Formaldehyde, a carcinogen, is also used by the body to regulate our genes

December 7, 2023

Formaldehyde, a toxin and carcinogen found in construction materials, carpets, car exhaust, cigarette smoke and even permanent press clothing, turns out to play an important role in the body — one that may explain why the chemical causes cancer.

In a study published this month in the journal Science, researchers from the University of California, Berkeley, and the University of Oxford in the United Kingdom reported that formaldehyde is an inhibitor of DNA methylation, the enzymatic attachment of a methyl (CH3) group to DNA, which is one of the body's most common epigenetic ways of turning genes off or on.

The study provides the first evidence that formaldehyde, which scientists only recently discovered is made by the body in small quantities, is actually used by the body to regulate epigenetic change, and it suggests that, in excess, it may suppress the body's attempts to prevent the expression or overexpression of certain genes.

Previous research demonstrated that formaldehyde in very large quantities disables DNA by causing crosslinks, but it didn't explain the toxicity of small amounts of formaldehyde.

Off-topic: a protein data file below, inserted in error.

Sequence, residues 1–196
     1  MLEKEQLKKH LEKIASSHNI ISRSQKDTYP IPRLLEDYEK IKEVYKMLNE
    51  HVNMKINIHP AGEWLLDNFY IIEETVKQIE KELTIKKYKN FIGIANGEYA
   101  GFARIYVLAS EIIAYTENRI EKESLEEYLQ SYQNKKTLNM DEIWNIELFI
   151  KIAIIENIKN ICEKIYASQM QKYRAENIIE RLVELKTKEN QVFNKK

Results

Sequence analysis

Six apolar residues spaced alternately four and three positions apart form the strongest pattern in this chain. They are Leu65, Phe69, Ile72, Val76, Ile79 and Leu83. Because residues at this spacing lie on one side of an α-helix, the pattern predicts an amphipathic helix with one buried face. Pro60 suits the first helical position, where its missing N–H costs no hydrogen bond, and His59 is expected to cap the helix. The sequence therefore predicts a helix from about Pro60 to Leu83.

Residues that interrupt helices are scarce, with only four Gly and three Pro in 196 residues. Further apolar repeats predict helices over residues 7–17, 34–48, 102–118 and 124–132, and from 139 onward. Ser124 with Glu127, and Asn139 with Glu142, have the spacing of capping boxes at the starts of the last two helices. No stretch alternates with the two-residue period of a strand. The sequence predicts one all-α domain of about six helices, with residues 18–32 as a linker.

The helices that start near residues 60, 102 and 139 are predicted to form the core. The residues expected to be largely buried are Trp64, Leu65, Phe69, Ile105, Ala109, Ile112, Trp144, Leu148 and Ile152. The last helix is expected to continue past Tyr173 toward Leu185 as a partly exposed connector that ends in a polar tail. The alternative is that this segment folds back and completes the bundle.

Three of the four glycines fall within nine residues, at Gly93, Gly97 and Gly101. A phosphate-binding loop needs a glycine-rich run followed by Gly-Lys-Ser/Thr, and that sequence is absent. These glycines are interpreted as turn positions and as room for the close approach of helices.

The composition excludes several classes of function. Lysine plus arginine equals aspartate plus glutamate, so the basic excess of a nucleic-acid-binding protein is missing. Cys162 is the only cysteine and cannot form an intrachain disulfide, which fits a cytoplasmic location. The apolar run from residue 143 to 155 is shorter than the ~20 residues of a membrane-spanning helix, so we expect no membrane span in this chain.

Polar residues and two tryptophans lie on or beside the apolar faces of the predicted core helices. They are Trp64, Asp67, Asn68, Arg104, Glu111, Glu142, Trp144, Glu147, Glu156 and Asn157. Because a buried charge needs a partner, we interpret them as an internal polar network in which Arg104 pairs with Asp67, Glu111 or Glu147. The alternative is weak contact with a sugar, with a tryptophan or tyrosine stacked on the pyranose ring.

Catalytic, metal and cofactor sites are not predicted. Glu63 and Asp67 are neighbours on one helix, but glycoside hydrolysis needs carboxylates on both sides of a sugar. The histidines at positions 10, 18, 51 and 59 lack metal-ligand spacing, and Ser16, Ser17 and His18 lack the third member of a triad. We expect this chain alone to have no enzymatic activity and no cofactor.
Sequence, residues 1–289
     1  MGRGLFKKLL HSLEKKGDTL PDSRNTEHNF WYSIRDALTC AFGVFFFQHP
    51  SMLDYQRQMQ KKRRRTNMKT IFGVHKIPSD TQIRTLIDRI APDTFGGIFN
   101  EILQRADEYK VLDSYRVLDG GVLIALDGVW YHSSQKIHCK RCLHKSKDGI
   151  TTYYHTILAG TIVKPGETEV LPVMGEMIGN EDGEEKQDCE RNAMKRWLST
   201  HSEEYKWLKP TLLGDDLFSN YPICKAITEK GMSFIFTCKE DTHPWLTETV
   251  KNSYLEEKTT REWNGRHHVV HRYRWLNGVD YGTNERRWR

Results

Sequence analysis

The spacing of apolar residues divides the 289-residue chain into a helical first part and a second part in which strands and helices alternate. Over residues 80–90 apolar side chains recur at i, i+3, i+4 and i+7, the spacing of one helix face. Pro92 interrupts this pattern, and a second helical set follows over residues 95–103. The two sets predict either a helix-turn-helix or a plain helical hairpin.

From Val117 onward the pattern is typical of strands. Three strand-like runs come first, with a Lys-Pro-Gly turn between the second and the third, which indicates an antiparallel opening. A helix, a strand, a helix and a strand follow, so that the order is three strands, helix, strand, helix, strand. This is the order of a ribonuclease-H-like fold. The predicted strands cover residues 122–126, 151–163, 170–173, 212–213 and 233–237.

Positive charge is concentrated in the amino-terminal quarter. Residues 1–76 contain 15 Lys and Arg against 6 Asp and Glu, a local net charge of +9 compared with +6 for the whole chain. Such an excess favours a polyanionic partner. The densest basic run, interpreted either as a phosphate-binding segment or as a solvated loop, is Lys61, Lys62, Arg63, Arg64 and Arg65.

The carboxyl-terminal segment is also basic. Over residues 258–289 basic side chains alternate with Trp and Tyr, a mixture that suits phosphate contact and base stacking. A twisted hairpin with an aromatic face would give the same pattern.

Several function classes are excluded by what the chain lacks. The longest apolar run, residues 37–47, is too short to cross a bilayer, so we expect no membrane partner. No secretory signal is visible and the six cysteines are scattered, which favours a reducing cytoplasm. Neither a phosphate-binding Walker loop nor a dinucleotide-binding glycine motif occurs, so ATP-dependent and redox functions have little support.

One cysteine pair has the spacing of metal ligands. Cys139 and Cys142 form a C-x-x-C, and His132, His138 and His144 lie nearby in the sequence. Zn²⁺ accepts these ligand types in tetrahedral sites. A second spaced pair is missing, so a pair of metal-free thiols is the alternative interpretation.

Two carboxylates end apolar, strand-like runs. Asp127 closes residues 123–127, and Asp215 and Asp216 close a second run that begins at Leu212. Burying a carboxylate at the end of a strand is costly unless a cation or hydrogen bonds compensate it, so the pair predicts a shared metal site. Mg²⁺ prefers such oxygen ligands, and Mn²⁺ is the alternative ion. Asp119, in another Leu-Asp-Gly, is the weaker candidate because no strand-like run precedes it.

"People haven't looked for formaldehyde inside the body because they just think about the environmental consequences of formaldehyde. But it's naturally made inside each and every one of our cells," said the study's senior author, Christopher Chang, UC Berkeley professor of chemistry and of molecular and cell biology. "The broader implication of our study is that it provides a biochemical mechanism for how formaldehyde might be a carcinogen. We know smoking's bad for you, and pollution is bad for you, in part because of the formaldehyde. We showed that if you alter your body’s internal formaldehyde levels, that can also change your epigenetics, which then can reprogram cancer."

Berkeley News